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Rising Prices, Shrinking Supplies: Malt Is in for a Rough Year

A historically poor barley harvest is piling on to supply-chain and cost issues that independent brewers have been facing with raw materials. Here’s what you need to know before placing your next order.

Ben Keene Dec 6, 2021 - 12 min read

Rising Prices, Shrinking Supplies: Malt Is in for a Rough Year Primary Image

Photo: Patrick Hayes, Oregon State University Barley Project

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“We have a couple of months where the crop is either made or broken: June and July,” says Chris Riggers, co-owner of Clearwater Farms in North Idaho. “The crop looked nice coming up—we had good moisture underneath from snow melt. But the heat in June was pretty unprecedented. And we got no rain in July. The lack of precipitation just shattered records.”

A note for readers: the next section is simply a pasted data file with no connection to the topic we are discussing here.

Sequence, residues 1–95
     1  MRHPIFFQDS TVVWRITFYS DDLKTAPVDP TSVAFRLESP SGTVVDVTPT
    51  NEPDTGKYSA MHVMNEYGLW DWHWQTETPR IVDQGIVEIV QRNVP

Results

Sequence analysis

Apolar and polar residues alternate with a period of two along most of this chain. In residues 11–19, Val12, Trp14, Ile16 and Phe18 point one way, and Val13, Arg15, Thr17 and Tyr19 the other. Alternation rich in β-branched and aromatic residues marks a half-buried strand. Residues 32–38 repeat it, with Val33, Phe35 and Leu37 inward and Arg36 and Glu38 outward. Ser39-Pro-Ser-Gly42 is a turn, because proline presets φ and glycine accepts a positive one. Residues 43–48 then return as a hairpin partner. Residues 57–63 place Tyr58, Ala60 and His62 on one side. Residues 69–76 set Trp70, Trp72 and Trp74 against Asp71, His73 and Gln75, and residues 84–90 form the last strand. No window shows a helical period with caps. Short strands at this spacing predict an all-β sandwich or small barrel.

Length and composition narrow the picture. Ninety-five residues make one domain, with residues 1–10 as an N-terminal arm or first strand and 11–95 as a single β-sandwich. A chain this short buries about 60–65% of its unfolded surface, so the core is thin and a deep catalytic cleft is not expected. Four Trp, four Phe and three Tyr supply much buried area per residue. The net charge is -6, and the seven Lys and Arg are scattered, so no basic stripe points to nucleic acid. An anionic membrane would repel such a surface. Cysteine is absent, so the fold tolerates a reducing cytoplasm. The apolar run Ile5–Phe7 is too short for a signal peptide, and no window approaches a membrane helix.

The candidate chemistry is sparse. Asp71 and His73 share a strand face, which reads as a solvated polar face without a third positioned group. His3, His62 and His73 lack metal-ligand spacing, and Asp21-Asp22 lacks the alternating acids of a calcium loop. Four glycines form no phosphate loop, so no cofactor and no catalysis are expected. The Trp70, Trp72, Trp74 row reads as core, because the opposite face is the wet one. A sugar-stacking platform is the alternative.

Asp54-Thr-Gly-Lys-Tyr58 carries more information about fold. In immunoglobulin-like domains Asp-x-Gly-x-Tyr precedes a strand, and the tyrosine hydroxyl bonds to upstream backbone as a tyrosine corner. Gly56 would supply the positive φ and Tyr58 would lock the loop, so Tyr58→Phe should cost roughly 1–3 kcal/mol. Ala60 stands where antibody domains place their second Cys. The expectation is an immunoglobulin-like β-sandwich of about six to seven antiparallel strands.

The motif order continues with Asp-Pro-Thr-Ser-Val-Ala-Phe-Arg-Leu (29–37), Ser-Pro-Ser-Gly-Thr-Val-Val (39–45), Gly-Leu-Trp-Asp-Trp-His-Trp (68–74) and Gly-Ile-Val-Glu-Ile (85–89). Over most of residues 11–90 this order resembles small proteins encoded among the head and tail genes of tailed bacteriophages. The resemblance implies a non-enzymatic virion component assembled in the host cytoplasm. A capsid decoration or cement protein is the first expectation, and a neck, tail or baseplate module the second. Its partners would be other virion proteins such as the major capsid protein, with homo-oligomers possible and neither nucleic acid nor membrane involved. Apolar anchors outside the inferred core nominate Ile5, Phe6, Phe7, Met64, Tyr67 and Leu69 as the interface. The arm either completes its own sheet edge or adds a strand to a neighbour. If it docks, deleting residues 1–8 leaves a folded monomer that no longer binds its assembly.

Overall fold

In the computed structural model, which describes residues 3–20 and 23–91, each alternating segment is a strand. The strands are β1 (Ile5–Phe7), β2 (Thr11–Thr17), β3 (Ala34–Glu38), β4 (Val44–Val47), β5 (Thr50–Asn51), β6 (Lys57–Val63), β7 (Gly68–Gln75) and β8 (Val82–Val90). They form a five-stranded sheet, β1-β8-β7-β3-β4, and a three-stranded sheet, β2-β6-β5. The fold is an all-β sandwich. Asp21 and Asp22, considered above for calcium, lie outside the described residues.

Riggers grows about 1,000 acres of LCS Genie and AAC Connect malting barley in Nezperce. He sells the former to Montana Craft Malt in Butte and LINC Malt in Spokane Valley, Washington, while the latter goes to Great Western Malting. Like many farmers in America’s primary barley-growing regions, Riggers did not have a good year. In 2020, his fields averaged about 6,700 pounds of barley per acre (or about 7,500 kilos per hectare)—an all-time high. This year, that number was closer to 2,600. What’s more, protein levels were higher than usual, coming in at almost 14 percent.

“We still had pretty good plumps,” says Riggers. “That was a nice surprise. Some years you take a beating though.”

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Author of The Great Northeast Brewery Tour, a contributor to The Oxford Companion to Beer, and former editor of BeerAdvocate, Ben Keene has judged beer competitions across the US and has spoken at industry conferences and conventions. He lives in Seattle.

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